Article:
The goal of our research is to understand how cells and organisms distinguish between self and other. Specifically, we are investigating the molecular mechanisms underlying the ability of cells to discriminate self from non-self in the uropathogen Proteus mirabilis. The Gram-negative bacterium P. mirabilis is an opportunistic pathogen that causes urinary tract infections, most significantly in patients with long-term indwelling catheters. P. mirabilis populations can form crystalline biofilms and can cause the formation of kidney stones in patients. P. mirabilis populations display a remarkable phenomenon when migrating as a swarm across a surface: a visible boundary forms between swarms of different P. mirabilis strains. In contrast, swarms of the same strain do not give rise to a visible boundary and merge, indicating that P. mirabilis swarms are capable of territoriality and of self versus non-self recognition.
This self vs non-self recognition behavior in P. mirabilis is similar to allorecognition in eukaryotic cells and is analogous to territoriality in larger organisms. Conspecific self vs non-self recognition is widely found throughout biology, including E. coli, Plasmodium, plant roots, marine chordates, and vertebrate immune systems. Connecting these is a fundamental question: how does a cell recognize and differentiate self from non-self?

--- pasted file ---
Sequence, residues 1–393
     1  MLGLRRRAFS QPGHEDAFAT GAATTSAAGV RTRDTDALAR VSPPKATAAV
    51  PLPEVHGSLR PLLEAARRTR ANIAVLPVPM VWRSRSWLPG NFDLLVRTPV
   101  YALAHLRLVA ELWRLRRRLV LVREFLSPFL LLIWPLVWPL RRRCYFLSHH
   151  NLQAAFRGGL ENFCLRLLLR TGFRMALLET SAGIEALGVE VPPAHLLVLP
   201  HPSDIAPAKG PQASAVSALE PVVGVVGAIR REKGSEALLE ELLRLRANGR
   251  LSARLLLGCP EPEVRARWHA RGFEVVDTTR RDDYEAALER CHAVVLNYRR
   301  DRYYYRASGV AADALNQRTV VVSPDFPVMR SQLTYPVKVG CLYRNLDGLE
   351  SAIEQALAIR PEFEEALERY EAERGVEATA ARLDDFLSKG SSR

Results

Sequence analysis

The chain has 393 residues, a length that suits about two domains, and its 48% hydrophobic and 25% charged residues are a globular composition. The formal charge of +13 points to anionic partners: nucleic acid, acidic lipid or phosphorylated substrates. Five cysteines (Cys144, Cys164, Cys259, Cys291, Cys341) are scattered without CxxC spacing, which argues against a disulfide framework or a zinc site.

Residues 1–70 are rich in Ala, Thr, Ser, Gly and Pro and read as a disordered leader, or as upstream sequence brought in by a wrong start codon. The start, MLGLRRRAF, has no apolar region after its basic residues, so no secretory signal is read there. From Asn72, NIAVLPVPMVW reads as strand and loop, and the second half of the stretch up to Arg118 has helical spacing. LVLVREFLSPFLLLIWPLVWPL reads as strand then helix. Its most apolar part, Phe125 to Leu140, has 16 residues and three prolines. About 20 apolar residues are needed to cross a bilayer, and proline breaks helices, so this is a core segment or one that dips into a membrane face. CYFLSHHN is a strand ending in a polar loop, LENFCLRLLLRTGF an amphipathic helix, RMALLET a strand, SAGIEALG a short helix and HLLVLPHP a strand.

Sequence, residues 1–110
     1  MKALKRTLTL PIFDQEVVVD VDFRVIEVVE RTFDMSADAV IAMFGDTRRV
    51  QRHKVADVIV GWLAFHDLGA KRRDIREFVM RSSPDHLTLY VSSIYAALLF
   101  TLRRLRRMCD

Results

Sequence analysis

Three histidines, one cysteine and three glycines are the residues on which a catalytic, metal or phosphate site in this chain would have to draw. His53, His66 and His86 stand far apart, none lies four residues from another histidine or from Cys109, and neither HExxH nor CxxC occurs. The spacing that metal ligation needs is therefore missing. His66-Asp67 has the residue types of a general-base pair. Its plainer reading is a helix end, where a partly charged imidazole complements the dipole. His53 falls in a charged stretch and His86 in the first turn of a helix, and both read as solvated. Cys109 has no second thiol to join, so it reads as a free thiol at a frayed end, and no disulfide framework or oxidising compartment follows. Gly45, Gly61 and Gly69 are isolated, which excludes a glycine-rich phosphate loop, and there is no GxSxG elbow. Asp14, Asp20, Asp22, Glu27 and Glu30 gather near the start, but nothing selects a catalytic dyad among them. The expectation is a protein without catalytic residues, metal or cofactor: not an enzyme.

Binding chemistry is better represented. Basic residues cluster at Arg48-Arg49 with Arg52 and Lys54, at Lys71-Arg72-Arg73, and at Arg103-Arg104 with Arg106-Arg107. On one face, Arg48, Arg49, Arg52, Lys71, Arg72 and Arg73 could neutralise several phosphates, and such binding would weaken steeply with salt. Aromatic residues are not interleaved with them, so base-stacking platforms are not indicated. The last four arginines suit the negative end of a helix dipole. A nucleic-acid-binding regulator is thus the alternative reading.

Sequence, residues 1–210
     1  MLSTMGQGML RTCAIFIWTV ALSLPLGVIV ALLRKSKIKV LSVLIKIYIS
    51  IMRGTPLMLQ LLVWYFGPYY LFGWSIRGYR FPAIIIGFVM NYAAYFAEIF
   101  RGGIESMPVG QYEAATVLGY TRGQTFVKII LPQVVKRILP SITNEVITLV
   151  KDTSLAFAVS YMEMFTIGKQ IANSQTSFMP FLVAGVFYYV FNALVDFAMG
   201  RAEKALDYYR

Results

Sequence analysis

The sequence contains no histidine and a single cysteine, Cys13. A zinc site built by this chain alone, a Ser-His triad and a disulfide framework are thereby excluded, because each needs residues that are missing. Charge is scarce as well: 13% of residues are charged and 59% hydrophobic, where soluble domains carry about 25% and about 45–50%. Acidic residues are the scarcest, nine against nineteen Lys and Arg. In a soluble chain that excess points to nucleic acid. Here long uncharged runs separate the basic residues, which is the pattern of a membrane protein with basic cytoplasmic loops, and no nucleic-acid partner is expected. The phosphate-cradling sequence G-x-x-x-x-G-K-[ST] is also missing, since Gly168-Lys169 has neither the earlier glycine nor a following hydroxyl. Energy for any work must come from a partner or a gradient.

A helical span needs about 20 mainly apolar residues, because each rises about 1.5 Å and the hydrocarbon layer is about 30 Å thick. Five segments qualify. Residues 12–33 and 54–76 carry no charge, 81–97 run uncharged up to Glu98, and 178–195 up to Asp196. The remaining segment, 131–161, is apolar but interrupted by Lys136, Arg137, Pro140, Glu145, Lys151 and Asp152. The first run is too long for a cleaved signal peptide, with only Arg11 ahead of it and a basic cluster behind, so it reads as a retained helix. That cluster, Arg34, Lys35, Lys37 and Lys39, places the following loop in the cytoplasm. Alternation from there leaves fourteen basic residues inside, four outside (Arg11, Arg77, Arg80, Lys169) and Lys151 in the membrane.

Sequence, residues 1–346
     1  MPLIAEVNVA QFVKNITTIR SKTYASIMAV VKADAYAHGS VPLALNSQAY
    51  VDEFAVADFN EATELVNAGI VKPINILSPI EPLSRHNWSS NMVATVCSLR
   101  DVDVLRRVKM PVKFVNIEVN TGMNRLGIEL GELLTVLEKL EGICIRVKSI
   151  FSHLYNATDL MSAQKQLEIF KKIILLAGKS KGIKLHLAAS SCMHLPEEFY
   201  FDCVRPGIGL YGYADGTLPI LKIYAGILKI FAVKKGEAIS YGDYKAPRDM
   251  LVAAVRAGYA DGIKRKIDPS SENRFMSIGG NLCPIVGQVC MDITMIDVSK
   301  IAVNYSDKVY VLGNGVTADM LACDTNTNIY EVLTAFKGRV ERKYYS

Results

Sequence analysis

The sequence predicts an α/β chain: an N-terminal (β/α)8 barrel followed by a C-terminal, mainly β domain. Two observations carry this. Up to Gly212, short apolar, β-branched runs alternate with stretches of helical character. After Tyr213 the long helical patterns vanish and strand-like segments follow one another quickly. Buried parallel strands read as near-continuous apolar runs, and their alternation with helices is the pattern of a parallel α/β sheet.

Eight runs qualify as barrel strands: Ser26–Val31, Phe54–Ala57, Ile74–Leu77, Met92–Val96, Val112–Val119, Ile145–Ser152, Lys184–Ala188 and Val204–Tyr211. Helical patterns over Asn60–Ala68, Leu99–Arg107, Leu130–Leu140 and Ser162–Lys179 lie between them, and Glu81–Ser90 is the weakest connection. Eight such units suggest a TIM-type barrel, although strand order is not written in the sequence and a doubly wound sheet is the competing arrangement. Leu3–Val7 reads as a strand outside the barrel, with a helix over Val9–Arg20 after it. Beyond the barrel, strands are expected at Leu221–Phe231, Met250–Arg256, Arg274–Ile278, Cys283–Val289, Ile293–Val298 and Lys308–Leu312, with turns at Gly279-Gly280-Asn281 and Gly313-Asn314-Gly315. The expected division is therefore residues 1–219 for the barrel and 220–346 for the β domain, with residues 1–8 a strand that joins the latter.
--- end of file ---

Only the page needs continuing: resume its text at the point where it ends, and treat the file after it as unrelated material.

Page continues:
Recently we have identified a genetic locus in P. mirabilis that encodes components necessary for self vs non-self recognition and for the definition of strain-specific identity. We utilize approaches to microbiology, cell biology, molecular biology, and biochemistry to further dissect the role of these identified genes in self vs non-self recognition and moreover to understand the molecular mechanisms of social behaviors in bacteria.